A bill aimed at ending double payments for spinal surgery devices passed state Senate resoundingly on Wednesday and is now on its way to Assembly.
Senate Bill 959 will save taxpayers tens of millions of dollars per year, according to its author, Sen. Ted Lieu, D-Torrance.
“By lowering the pass-through we will save between $40 and $60 million annually,” Lieu said.
The bill would reduce costs, prevent the over utilization of spinal surgery devices and put an end to needless and duplicative payments in the workers’ compensation system, its proponents say. Few have openly opposed the bill. It cleared the Senate floor on a 34-2 vote.
The bill would address the Medicare fee schedule adopted in 2004 and California law which allows for a 120 percent payment for medical costs and allows separate costs for material and hardware in spinal plants to be added upon the original costs.
This payment, known as a “pass‐through,” is considered a double‐payment because it allows a hospital to pass along the cost of a device, instrumentation, or hardware to even though the cost is technically taken into consideration when setting the reimbursement level, according to the Association of California Insurance Companies, one of the bill’s major backers.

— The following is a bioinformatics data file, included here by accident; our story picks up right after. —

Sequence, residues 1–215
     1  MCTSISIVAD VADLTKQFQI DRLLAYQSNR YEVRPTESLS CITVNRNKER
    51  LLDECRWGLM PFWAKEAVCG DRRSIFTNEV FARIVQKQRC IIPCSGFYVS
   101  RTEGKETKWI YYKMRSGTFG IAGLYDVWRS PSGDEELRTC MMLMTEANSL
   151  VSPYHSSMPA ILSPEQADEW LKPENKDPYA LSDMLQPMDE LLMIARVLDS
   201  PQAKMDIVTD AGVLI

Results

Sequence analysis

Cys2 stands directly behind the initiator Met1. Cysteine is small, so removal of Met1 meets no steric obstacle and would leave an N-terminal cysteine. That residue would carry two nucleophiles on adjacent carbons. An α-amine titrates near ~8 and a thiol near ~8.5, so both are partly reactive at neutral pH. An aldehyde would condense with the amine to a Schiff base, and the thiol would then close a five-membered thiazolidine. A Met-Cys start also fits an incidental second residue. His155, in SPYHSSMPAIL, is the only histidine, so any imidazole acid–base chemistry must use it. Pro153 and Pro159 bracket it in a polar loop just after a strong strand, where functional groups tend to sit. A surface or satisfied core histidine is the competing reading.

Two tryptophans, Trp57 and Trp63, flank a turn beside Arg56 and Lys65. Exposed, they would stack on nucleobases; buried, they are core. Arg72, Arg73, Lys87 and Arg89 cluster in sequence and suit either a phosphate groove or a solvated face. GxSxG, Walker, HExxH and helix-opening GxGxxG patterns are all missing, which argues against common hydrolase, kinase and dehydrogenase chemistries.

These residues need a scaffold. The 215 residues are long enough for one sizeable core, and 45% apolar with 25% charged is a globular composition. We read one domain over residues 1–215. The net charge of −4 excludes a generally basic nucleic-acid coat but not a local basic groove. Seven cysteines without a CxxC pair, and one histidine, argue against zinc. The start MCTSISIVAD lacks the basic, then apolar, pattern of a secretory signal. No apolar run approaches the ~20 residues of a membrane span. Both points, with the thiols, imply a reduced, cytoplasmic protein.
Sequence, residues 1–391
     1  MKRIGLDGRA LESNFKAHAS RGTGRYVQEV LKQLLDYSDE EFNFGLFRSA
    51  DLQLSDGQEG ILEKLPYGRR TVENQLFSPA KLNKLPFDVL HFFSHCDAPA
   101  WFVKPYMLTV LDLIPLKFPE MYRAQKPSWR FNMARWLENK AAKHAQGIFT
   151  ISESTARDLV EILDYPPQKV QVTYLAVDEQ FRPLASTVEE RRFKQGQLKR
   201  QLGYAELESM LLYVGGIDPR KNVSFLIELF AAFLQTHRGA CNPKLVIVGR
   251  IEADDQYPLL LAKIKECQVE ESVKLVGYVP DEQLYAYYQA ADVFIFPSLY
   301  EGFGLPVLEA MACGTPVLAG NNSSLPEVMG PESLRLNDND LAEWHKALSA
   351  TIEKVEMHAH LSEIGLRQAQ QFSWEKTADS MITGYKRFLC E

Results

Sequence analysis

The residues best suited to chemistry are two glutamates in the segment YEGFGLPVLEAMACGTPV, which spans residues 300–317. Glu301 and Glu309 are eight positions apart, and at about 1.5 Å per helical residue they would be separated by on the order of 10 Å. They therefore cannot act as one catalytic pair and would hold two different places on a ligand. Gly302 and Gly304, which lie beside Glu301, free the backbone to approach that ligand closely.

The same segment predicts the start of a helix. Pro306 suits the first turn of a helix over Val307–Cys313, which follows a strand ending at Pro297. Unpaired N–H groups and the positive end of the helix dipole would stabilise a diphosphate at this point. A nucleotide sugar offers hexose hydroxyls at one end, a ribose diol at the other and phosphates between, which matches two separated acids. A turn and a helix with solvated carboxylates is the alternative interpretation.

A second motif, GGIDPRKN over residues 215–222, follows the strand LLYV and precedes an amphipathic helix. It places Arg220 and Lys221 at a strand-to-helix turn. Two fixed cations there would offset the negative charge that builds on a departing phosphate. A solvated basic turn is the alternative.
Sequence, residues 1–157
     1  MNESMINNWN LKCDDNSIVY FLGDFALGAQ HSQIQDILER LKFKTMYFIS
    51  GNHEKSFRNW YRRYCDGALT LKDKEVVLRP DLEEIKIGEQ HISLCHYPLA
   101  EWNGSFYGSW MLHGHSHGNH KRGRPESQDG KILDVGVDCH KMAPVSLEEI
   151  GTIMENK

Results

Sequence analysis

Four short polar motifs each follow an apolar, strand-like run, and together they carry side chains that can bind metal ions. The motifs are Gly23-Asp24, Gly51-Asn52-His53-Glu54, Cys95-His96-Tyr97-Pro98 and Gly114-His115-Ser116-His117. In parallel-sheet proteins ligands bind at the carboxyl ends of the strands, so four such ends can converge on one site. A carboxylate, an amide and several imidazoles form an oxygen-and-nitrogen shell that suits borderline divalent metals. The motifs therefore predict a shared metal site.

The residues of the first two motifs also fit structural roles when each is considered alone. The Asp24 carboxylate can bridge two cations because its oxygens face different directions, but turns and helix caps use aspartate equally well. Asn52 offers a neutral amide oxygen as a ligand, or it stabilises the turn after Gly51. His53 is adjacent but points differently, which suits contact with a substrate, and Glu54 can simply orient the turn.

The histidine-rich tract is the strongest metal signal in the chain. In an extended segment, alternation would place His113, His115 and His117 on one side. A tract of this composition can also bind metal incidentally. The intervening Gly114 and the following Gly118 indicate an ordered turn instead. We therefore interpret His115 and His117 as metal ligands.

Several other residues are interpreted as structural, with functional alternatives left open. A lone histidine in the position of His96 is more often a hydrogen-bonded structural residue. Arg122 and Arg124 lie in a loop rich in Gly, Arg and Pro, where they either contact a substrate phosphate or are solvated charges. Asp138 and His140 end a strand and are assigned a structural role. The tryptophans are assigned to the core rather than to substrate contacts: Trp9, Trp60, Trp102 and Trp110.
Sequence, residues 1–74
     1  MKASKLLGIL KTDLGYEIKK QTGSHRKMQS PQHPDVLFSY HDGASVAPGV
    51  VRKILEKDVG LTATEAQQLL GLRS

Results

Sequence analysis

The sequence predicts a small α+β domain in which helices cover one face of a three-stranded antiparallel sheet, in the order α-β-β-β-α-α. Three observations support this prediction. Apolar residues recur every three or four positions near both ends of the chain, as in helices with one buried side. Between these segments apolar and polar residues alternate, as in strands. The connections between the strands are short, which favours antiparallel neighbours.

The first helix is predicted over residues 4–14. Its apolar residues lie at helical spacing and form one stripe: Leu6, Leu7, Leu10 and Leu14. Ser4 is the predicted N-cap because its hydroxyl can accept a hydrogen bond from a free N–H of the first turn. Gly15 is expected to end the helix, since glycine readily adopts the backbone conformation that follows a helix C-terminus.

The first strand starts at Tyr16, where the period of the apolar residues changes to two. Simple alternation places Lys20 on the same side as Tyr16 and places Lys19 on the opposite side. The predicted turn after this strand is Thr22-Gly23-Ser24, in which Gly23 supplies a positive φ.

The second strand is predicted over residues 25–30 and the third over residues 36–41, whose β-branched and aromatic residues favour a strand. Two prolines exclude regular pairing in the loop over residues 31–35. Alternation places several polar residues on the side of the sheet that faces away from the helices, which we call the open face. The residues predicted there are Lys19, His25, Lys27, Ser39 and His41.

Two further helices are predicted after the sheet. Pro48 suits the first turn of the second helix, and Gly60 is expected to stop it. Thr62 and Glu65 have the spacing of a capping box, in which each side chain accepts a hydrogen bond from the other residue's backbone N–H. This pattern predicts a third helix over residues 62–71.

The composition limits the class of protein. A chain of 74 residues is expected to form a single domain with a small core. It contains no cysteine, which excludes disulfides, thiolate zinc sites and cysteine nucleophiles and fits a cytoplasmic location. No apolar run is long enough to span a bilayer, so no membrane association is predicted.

ACIC President Mark Sektnan sees the bill as a potential victory and good step toward addressing one of the myriad cost drivers in California’s workers’ comp.
“I think it’s an important issue in terms of our conversation about addressing cost drivers,” he said.
Sektnan estimates the system has between $1 billion to $1.5 billion of costs it needs to get under control. The estimated savings from the bill may be a drop in the bucket, but it’s a sign of more effort to reign in the workers’ comp system, he added.
“It’s a small number but it’s an important number because it shows that we are serious about taking on cost drivers,” he said.
The bill received support from both labor and the state’s business community, likely because the system as it is now appears to incentivize spinal surgeries to the point where they are becoming a business opportunity for some hospitals to take advantage of.
“A small number of hospitals in Southern California have identified spinal surgery as a business opportunity,” Sektnan said. “This bill is also fundamentally important to the injured worker. What was found is that requirement to pay twice is providing an incentive for some physicians to provide more spinal surgeries than appropriate.”
Supporters of the bill have cited studies by Rand Institute for Civil Justice and Health that have concluded the double-payment is unnecessary and it incentivizes over utilization.
“The current practice leads to double billing, inefficiencies and could lead to abuse,” Lieu said.